Sylvester Comprehensive Cancer Center

Ralf Landgraf, Ph.D.

Ralf Landgraf, Ph.D.

Associate Professor of Biochemistry & Molecular Biology

Description of Research

The deregulation of ERBB (HER) receptor tyrosine kinases (EGFR, ERBB2, ERBB3 and ERBB4) is a widespread phenomenon in a broad range of cancers, but ERBB signaling has the potential to elicit cell proliferation, differentiation, migration and programmed cell death, depending on the signaling context. Approaches based on the direct inhibition of overactive or overexpressed ERBB receptors by kinase inhibitors or antibodies have validated ERBB receptors as drug targets in cancer therapy, but the limitations of these approaches have also highlighted our incomplete understanding of their modes of regulation, and indeed the control of cell surface receptors in general. A more detailed mechanistic understanding of ERBB receptor control will not merely “fill in the blanks” in our mechanistic models and better explain so far non understood modes of action and limitations of existing treatments, but it will open up fundamentally new levels of regulatory control for targeted drug design. A special focus of our work is the signaling through the ERBB2/HER2 and ERBB3/HER3 receptors.

Redirecting the outcome of ERBB signaling through receptor targeted intervention: We found that ERBB2, which is overexpressed in many cancers, in particular in many breast cancers, has receptor-intrinsic control mechanisms that actively suppress the formation of stable and active dimers. During overexpression, this gives rise to high levels of activated receptors but not elevated states of activation. Mutants of ERBB2 that are defective in this level of control can generate cytotoxic signals. Our studies also indicate that a similar shift in the outcome of signal interpretation can be achieved by forcing ERBB2 into an unnatural signaling microenvironment and into a different signaling context relative to ERBB3. We are studying the precise molecular control elements with the goal of manipulating overexpressed ERBB2 receptors through receptor targeted macromolecules, such as aptamers, to enforce cell death promoting signals.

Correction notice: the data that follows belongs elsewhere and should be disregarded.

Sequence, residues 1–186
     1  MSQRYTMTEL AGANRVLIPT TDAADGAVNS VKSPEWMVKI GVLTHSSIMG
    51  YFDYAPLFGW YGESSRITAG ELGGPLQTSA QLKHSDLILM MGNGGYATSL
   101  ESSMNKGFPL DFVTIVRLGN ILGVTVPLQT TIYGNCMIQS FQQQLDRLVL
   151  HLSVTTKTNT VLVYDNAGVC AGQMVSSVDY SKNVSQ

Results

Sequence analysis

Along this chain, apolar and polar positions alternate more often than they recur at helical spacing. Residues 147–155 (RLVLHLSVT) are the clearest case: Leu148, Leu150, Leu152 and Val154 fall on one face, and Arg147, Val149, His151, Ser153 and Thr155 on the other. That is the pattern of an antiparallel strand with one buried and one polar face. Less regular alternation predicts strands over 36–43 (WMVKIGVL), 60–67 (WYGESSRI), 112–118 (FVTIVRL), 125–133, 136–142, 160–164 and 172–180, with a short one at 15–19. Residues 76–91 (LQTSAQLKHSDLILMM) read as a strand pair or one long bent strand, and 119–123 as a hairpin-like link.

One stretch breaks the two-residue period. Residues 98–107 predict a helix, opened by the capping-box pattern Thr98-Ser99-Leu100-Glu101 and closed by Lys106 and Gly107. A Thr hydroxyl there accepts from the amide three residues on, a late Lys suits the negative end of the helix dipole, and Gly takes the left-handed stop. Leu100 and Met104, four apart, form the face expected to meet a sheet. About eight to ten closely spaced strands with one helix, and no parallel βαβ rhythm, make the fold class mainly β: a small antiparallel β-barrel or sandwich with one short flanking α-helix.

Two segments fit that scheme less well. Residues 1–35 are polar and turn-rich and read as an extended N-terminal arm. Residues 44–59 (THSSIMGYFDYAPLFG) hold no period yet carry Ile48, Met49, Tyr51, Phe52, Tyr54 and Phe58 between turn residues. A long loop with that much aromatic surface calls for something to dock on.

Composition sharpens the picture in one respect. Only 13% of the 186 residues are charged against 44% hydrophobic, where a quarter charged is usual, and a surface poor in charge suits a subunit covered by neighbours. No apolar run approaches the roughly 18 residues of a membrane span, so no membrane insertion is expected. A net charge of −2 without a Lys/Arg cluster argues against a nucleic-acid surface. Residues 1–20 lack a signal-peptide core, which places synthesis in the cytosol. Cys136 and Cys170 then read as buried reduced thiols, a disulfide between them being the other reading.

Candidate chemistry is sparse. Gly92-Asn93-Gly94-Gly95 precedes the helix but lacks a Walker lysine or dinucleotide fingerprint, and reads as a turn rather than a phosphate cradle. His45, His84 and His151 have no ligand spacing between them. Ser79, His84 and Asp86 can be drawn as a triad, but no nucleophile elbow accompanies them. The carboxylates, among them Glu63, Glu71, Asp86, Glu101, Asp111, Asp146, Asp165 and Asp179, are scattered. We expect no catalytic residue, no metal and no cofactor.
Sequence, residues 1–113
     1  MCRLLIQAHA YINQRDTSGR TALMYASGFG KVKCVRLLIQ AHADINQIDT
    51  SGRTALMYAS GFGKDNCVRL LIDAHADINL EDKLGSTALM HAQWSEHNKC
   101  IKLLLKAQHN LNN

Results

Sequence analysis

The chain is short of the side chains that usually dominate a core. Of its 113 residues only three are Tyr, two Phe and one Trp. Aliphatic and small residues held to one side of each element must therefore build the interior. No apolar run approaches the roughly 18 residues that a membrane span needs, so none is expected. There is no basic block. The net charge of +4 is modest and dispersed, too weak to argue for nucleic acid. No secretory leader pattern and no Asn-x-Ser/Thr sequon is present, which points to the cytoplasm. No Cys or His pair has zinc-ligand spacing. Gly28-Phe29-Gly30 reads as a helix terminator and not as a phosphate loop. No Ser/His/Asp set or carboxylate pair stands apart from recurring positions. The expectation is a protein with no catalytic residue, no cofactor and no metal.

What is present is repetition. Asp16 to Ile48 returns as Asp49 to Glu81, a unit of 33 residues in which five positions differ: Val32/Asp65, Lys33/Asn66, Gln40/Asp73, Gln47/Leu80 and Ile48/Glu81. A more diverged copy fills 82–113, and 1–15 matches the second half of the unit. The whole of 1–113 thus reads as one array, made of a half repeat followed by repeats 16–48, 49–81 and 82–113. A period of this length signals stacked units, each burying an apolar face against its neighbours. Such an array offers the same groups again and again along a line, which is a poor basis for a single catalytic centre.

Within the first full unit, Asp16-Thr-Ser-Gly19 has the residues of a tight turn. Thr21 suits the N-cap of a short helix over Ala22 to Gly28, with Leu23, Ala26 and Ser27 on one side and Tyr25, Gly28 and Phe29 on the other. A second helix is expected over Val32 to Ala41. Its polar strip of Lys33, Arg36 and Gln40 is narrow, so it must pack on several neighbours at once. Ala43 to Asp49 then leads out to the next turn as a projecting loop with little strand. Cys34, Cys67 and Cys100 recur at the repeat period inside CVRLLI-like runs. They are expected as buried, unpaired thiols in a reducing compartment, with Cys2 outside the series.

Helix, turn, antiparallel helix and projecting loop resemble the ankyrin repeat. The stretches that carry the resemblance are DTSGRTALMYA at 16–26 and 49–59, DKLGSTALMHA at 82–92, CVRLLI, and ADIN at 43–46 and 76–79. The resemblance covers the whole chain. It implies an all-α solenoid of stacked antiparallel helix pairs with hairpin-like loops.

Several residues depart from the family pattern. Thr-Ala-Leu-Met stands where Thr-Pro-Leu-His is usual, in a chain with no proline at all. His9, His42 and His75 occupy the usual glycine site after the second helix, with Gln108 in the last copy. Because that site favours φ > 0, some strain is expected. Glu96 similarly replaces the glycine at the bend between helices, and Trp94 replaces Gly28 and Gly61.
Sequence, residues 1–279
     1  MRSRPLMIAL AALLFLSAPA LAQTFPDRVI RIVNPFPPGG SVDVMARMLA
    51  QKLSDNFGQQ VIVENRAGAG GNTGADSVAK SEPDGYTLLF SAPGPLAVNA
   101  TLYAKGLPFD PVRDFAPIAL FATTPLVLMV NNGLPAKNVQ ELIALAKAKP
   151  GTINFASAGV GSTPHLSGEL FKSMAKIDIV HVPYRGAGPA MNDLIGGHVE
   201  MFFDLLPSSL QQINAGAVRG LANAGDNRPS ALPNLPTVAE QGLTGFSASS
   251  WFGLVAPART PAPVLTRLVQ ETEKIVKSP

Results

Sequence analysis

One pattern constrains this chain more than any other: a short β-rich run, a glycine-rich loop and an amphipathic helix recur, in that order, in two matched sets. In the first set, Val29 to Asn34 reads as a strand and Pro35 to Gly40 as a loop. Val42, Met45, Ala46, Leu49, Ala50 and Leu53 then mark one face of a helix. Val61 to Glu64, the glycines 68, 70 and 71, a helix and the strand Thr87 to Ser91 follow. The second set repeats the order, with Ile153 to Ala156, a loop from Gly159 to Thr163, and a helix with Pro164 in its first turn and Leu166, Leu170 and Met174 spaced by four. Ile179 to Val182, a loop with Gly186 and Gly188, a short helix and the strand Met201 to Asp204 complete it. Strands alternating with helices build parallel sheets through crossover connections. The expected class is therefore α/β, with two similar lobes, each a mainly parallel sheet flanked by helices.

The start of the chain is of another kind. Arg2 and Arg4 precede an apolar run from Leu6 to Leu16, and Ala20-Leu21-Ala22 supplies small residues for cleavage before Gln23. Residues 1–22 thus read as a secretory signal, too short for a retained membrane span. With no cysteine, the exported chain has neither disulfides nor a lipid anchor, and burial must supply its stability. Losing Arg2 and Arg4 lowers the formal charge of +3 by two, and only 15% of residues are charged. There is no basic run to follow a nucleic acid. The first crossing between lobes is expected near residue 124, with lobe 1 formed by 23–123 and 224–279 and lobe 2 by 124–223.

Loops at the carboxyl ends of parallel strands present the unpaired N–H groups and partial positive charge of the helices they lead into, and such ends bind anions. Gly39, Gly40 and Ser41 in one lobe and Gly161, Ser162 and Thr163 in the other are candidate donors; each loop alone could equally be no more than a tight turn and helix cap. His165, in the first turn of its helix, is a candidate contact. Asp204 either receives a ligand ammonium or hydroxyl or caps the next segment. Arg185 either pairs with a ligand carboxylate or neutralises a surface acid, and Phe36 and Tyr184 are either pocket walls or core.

Dissecting and influencing the membrane microenvironment of ERBB receptors: The immediate microenvironment of ERBB receptors plays a significant and poorly understood role in the control of signaling outcomes by placing receptors into specific lipid environments that alters their intrinsic activity and availability of signaling partners. These highly dynamic microenvironments and signaling platforms also represents the interface of receptor signaling and complex lipid metabolism. While an intersection of both areas has been implied in several clinical studies, implying a connection between the lipid environment or composition and disease progression or emergence of resistance phenomena, we currently lack a mechanistic framework to explain and exploit this interplay. In its initial phase, this work focuses on differences in the microenvironment of ERBB2 and ERBB3 and the role that the perturbations of the lipid profile may have on the modulation of “normal” signaling and drug resistance phenomena. Long-range goals include the identification of the best points for therapeutic intervention to shift signaling outcomes or suppress resistance.

Identification of receptor specific interaction partners during receptor maturation: While factors that target the catalytic activity and elevated level of mature and overexpressed ERBB2 have shown great promise in treatment, it is becoming increasingly clear that its dominant signaling partner, the kinase dead ERBB3 receptor plays a key role in several mechanism of cancer cell evasion from targeted therapy, such as ERBB directed kinase inhibitors. This is in large part due to its strong ability to activate the PI3K/Akt pro-survival signaling pathway. Much of this adaptation occurs at the level of posttranslational control.


  • Development and evaluation of ERBB3 directed aptamers that inhibit ERBB2/ERBB3 signaling in cancer cells
  • Discovery and dissection of higher order association behavior of ERBB3 receptors, and the role of the modulation of this additional level of control in signal attenuation
  • Discovery that ERBB2, overexpressed in breast cancer cells, is not at a state of uncontrolled activation as previously thought. The specific activity of overexpressed ERBB2 is instead maintained within narrow boundaries by receptor intrinsic control mechanisms that ensure growth-promoting outcomes.
  • Development of aptamers as live-cell photo cross-linking probes to evaluate the microenvironment of endogenous ERBB receptors in cancer cells

Selected Cancer-Related Publications


Collaborating in the Multidisciplinary Research Program(s):

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